FIGS. 1, 2 , and 3 are schematic illustrations of a portion of a package in accordance with one embodiment of the invention demonstrating the operation of the invention;
FIG. 4 is a side view of a portion of a package in accordance with a further embodiment of the invention;
FIG. 5 is a plan view of a portion of a package in accordance with the same embodiment;
FIG. 6 is a plan view of a further portion of the package in accordance with the same embodiment;
FIGS. 7, 8, and 9 are plan views of a further portion of the package shown in FIG. 5 illustrating a part of the operation of the invention in accordance with the same embodiment;
FIG. 10 is a side view of a portion of a package in accordance with a further embodiment of the invention; and
FIG. 11 is a plan view of a portion of a package in accordance with the same embodiment.
It will be appreciated that, for purposes of illustration, these figures are not necessarily drawn to scale.
In one aspect, the present invention departs from the generally accepted view of packaging design which attempts to hold the fiber as stationary as possible to prevent misalignment when the component is in use. Rather, a dynamic, intelligent package is proposed where the fiber can be realigned whenever misalignment occurs.
One embodiment useful in realigning the fiber in a package is illustrated schematically in FIGS. 1-3. The figures show a portion of a package in a plan view with a laser, 10, mounted in standard fashion to a copper stud (not shown). It will be appreciated that the device, 10, could be a detector and that the package includes the standard components of a transmitter, receiver, or transceiver which are omitted for the sake of clarity.
The fiber, 11, which is to be aligned is securely fitted through a hole in a support which, in this example, is a soft iron shunt, 12. This shunt is secured at one end of a major surface of a piezoelectric crystal, 13, which in this example is PZT. A similar support, 14, is secured to the other end of the crystal. Electrodes, 15 and 16, are included on the opposite major surfaces of the crystal, 13. The shunts, 12 and 14, are slidably engaged over the surface, 17, which is the surface of a rigid, nonferrous base such as brass or aluminum. The shunts are restrained from moving in a direction perpendicular to the page by guide pins (not shown) mounted in the surface, 17.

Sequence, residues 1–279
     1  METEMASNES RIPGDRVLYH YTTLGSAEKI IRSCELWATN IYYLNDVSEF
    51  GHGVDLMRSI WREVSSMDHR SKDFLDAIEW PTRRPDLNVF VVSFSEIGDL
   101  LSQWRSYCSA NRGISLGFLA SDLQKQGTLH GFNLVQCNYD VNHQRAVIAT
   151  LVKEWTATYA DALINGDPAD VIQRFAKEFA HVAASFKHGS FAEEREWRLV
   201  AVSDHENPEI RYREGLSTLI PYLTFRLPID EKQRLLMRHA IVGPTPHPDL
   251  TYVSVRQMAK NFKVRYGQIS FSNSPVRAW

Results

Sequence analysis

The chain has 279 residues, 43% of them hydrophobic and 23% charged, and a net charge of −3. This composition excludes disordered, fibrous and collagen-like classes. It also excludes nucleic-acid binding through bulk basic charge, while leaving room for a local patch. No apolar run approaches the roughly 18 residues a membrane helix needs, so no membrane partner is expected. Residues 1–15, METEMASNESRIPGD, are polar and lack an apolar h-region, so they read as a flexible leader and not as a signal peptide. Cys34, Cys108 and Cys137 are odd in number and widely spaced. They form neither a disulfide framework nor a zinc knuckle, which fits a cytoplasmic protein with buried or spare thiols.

Electromagnets, 18 and 19, are each provided in close proximity to a corresponding shunt on the opposite side of the surface, 17. A permanent magnet, 20, comprising an iron bar is also provided in alignment with one electromagnet (19) and a corresponding shunt (12).
FIG. 1 illustrates the device in its quiescent state with the fiber, 11, out of alignment with the laser, 10, and the shunt, 12, clamped in position on surface, 17, by permanent magnet, 20. In order to provide proper alignment, a bias is supplied to electrodes, 15 and 16, on the piezoelectric crystal. As illustrated in FIG. 2, the crystal is such that a positive potential supplied to electrode, 15, causes expansion of the crystal in its thickness dimension. In this example, the bias was supplied by a standard dc power supply (not shown) with a magnitude of approximately 100 volts. The expansion of the crystal in the thickness dimension will cause contraction of the ends of the crystal. Since shunt, 12, is magnetically clamped to the surface, 17, the left end of the crystal, and shunt, 14, will move to the right by one step (i.e., a direction parallel to the major surfaces of the crystal). The magnitude of the step will, of course, be dependent upon factors such as the dimensions of the crystal, 13, and the magnitude of the potential applied to electrodes, 15 and 16. In this example, the step was a distance of approximately 0.05 micron. For most alignment purposes, the step should be in the range 0.01-1 micron.
As illustrated in FIG. 3, the left-hand portion of crystal, 13, and shunt, 14, can then be clamped by applying a current (I) to the coil of electromagnetic, 18. At the same time or shortly thereafter, the right-hand side of the crystal and shunt, 12, can be unclamped by applying the same current (I) to the coil of electromagnetic, 19, but in a direction which causes a magnetic flux opposite to that of permanent magnet, 20, thereby canceling the magnetic attraction of magnet, 20. In addition, the bias supplied to electrodes, 15 and 16, is reversed so that the positive potential is now applied to electrode, 16. This causes a contraction of the crystal, 13, in its thickness dimension, resulting in expansion of the unclamped (right) side of the crystal to move the shunt, 12, and the fiber mounted therein by one step to the right in a direction parallel to the major crystal surfaces. In this example, movement by a single step is shown to align the fiber, 11, to the laser, 10. In actual practice, movement by seveal steps may be required until alignment is achieved. It will also be appreciated that, if desired, the reversal of the polarity on the electrodes can be eliminated in the step shown in FIG. 3 and movement achieved simply by clamping shunt, 14, and unclamping shunt, 12, with the bias removed from the electrodes. Further, permanent magnet, 20, could be removed from the device and quiescent clamping of shunt, 12, provided instead by magnetization of the core of electromagnet, 19, by a suitable pulse of current.